When it was suggested the trustees should consider postponing the vote, Postel spoke up to say that several actors in the state legislature and the governor’s office who are responsible for state appropriations to UofL were invested in this agreement being reached, and he thought it was necessary to “work with them to solve what I think is a collective crisis.” Postel also noted that the arena authority believed this action was time sensitive, as they needed to refinance the bonds this fall while interest rates are still low.

At that point, new trustee Raymond Burse finally made a motion to approve the lease amendment, which was seconded by Sandra Frazier. Before the voting took place, Grissom very deliberately noted: “I think we all need to understand that if we don’t approve it there are very substantial and significant political ramifications. I’m just going to stop right there.”

Seven trustees voted to approve the resolution approving the lease, with Sahney and Ronald Wright being the only no votes. Bonita Black and Rogers announced at the outset of the meeting that they would abstain from the vote because they were both involved in its original financing — with Rogers adding that he is a bondholder — but faculty representative Enid Trucios-Haynes and Schnatter also abstained during the roll call.

 

Asked after the trustees meeting if he was worried during the discussion that the measure would fail, Postel said the board is typically inquisitive and asks probing questions before making big decisions.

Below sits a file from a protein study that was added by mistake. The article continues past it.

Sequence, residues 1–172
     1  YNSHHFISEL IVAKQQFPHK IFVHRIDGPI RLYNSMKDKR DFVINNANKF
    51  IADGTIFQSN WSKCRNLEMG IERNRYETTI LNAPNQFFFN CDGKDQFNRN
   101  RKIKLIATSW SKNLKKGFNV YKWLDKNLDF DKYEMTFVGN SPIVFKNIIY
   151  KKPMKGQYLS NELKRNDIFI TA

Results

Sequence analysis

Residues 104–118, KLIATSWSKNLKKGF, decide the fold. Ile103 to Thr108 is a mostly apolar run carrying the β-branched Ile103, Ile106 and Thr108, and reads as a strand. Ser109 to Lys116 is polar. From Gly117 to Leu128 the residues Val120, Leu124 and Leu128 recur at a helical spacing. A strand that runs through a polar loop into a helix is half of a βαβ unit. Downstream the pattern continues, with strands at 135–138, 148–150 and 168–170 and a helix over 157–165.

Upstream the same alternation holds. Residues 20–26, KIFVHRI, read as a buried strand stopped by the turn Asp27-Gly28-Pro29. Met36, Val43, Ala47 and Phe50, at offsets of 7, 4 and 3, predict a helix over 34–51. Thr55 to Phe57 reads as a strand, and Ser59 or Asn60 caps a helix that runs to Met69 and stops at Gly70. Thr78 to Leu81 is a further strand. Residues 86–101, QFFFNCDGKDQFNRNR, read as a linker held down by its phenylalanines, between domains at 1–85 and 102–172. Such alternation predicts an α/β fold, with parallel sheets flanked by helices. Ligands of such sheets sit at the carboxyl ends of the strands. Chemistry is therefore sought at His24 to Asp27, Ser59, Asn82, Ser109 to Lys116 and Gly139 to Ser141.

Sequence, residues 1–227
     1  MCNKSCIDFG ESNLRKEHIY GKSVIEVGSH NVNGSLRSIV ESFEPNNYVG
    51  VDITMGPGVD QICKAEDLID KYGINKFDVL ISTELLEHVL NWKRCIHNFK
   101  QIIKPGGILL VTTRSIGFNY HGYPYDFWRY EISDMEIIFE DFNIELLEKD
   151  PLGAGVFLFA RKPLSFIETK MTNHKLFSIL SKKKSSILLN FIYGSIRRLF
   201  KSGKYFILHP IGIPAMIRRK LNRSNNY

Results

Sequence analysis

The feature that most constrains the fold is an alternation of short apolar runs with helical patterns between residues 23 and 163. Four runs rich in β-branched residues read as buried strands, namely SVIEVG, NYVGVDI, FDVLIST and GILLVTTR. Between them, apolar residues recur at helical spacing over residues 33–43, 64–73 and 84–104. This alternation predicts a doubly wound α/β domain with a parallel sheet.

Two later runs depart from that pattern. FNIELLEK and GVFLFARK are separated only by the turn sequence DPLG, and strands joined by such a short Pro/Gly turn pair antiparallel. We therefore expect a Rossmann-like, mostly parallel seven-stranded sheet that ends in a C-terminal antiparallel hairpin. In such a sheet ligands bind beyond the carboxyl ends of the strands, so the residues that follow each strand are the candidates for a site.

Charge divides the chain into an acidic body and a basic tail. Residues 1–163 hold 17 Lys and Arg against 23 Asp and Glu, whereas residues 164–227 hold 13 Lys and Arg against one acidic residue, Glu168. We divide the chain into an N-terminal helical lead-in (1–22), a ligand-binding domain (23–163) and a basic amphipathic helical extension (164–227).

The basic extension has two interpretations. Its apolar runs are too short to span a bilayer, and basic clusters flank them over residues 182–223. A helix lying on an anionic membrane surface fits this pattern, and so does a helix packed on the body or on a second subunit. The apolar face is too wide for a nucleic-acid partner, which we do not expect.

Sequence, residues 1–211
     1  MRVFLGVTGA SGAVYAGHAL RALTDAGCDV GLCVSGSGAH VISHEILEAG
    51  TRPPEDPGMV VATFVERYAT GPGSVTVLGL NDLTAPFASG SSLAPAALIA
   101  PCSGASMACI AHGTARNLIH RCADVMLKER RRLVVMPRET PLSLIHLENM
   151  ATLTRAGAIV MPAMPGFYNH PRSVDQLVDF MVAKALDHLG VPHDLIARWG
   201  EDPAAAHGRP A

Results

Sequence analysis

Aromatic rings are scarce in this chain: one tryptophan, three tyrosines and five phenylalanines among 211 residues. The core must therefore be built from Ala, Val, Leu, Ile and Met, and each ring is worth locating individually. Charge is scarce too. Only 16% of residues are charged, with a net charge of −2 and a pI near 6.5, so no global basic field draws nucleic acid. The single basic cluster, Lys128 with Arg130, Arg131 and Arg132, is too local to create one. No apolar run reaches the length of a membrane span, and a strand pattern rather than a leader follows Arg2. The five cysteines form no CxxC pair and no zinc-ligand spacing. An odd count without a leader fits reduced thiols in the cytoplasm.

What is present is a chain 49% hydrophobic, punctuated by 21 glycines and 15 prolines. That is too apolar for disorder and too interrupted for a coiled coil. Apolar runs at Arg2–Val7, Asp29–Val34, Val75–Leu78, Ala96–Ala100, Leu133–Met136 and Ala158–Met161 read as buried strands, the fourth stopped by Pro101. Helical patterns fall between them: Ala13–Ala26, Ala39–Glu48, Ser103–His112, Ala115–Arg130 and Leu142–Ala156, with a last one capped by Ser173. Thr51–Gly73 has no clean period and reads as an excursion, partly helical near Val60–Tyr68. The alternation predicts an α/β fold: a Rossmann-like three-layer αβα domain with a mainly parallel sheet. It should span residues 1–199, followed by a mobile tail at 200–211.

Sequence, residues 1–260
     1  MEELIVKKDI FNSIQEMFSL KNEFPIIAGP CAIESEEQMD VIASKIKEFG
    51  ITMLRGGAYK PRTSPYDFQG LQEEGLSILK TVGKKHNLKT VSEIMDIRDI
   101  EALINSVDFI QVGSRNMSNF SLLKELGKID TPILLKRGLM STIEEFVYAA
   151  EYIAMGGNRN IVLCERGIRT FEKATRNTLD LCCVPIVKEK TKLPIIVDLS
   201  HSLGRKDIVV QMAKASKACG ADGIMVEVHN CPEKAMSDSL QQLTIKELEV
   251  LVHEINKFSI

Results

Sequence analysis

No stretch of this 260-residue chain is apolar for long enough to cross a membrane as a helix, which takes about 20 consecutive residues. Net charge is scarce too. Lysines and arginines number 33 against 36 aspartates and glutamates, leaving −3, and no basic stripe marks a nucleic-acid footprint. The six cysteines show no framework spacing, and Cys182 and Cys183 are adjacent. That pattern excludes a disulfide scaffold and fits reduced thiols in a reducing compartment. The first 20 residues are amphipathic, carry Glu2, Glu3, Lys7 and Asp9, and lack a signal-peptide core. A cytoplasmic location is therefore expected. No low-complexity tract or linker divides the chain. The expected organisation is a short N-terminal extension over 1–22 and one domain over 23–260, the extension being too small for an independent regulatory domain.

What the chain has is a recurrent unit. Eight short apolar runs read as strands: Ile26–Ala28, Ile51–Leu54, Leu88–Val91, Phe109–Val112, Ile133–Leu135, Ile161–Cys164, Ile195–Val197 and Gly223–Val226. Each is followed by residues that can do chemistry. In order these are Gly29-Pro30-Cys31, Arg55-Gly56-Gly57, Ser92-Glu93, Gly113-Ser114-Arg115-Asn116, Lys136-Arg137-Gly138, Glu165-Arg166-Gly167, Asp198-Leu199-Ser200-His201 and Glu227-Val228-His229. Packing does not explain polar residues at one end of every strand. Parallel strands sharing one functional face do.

“This is a very bright, engaged board that Mr. Grissom leads,” said Postel. “I think the fact that there was conversation as extensive as there was is reflective of the fact that this is a difficult issue, and this board likes to debate difficult issues and get everything out on the table before they make decisions. So I think it’s typical of the really engaged thought processes that we see with this group.”

Grissom said he wasn’t surprised by the amendment’s near failure, as “it’s a complicated issue, and there is no assurance that won’t be back at this table addressing this issue five, six, seven, eight years down the road. This doesn’t fix the problem, but it puts a band-aid on it, and we hope that it’s going to work and hope that the patient does well from here on.”

Asked what he thought of the trustees’ heated discussion over the arena lease amendment, authority chairman Scott C. Cox told IL he “thought it was interesting” and is “grateful that it passed.” Cox added that UofL’s board of trustees “has a lot of accomplished people on it with strong opinions, and they have every right to give their honest views on it”

Cox says the next step will be the approval of Metro Council and Mayor Greg Fischer of their portion of the deal, in which the city will be locked into its maximum annual payments of roughly $10 million, as opposed to the current situation in which the city could pay roughly $6.5 million if the arena authority is on good financial footing — which has never happened, to date.

This story has been updated.

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Joe Sonka is a staff writer at Insider Louisville focusing on government, politics, education and public safety. He is a former news editor and staff writer at LEO Weekly and has also freelanced for The Nation and ThinkProgress. He has won first place awards from the Louisville Metro chapter of the Society of Professional Journalists in the categories of Health Reporting, Enterprise Reporting, Government/Politics, Minority/Women’s Affairs Reporting, Continuing Coverage and Best Blog. Email him at [email protected]